But I guess if Infineon stock is down by 1.5 billion and they overpaid for IRF by 1.5 billion then I guess Infineon stock is as good a value as it was before the deal.
Yahoo shows projected revenue growth at about 0, with projected earnings 90 cents.
This company appears to be a slow-growth cash cow in a cyclical industry. Kind of a paradox and I guess that could be grounds for being wary of the stock. I suppose people figure that if you are in the tech industry, since it is cyclical, you want to see revenue growth of 10-20% year or so. Trouble is, companies expected to show such growth tend to have their stocks bid up to such high prices that the great business prospects of the company may be completely baked into the stock price already, or even overbaked.
It's a bit odd, what money I have in stocks right now is in tech stocks, but when I look at which ones I have I see that nearly all my money is in companies that are involved in making equipment for the backend of semiconductor manufacturing. KLIC is my biggest, TER is second, RTEC third, and now COHU as one of my smaller holdings.
It just seems to happen to be the case that this niche of the tech sector seems to be rather unloved (maybe viewed as not high tech enough), and thus low stock prices. Also they tend to have strong balance sheets which I feel is important in a cyclical business like this.
Anyway, judging from the expectations of flat revenue growth this does not appear to be an exciting growth business, but these guys do seem to be the best of breed and the gross margins are decent.
(The weirdest gross margin situation in tech in my view is optical hardware which is really high tech stuff, but a lot of companies in that biz sport gross margins of only 10-20% since there are way too many players in that business.)
What is encouraging is they are getting orders, despite being a small company. The semi industry obviously buys what meets their technical needs rather than focusing on the fact that one vendor is a huge solid semi eqt mfgr while the other is a small company specializing only in implanters.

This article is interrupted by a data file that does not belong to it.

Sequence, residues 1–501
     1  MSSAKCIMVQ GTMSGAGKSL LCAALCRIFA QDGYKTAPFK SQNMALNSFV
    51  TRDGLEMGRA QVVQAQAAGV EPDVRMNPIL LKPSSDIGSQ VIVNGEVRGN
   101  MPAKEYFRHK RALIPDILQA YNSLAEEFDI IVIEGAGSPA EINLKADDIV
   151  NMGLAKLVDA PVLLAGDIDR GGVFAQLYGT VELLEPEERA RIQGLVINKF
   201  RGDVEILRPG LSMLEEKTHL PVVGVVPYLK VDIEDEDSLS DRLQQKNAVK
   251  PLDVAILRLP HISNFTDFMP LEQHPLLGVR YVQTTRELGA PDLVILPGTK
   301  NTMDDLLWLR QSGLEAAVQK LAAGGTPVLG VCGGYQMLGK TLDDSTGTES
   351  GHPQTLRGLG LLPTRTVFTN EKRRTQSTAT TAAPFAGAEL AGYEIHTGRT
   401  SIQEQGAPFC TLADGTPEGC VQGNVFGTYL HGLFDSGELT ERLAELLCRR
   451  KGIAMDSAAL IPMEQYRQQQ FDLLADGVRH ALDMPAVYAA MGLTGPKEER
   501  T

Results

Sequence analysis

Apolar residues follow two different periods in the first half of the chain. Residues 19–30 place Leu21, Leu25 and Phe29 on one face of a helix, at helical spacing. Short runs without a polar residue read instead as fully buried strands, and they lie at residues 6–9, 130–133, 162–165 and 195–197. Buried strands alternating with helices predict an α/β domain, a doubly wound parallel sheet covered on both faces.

I continue to believe that someone is going to buy up this company. The prime candidate would seem to be Lam. For a while they were probably preoccupied with integrating the acquisition of Novellus, but that should pretty much done by now.
Yeah, wow, I wonder if the stock is down because people are PO'd that this company is not buying up its dirt cheap shares with its massive cash pile! $100 million repurchase program and they have spent how much so far? 7 or 8 million or something.
Give the CEO some assertiveness training on clicking that frigging mouse on the online brokerage account.
Despite his stuttering and whatnot, his comments do strike me as showing a pretty good grasp of the business and a pretty intelligent outlook on what they need to do to be a leader in the emerging technology as well as maintain their dominance in the existing technology.
Interesting all the stuff regarding the new thermocompression machines for adv packaging. I guess they ship prototypes to good legacy customers to try out and then if they like it they put in an order. And then it sounds like generally the prototypes get polished up to be production-caliber. I imagine the customers like to buy the protytypes first because they already are on the floor and their staff are comfortable with using them. Wonder if there are any discounts KLIC gives them for buying prototypes since it is sort of like buying a floor unit in a department store.
You got me! TQNT is worth more like $6 per share, not $5.
In my view a fair valuation for a good tech company is 4x gross profits. Yahoo key statistics shows Triquint's annual gross profits at 258 mil. 4x that is 1.032 billion. Shares outstanding are 177 mil. So market cap of 1.032 billion divided by 177 million shares is a stock value of $5.83.
Triquint's actual valuation is 15x gross profits. Nosebleed valuation. Just compare that to other tech stocks, you will see it is sky high.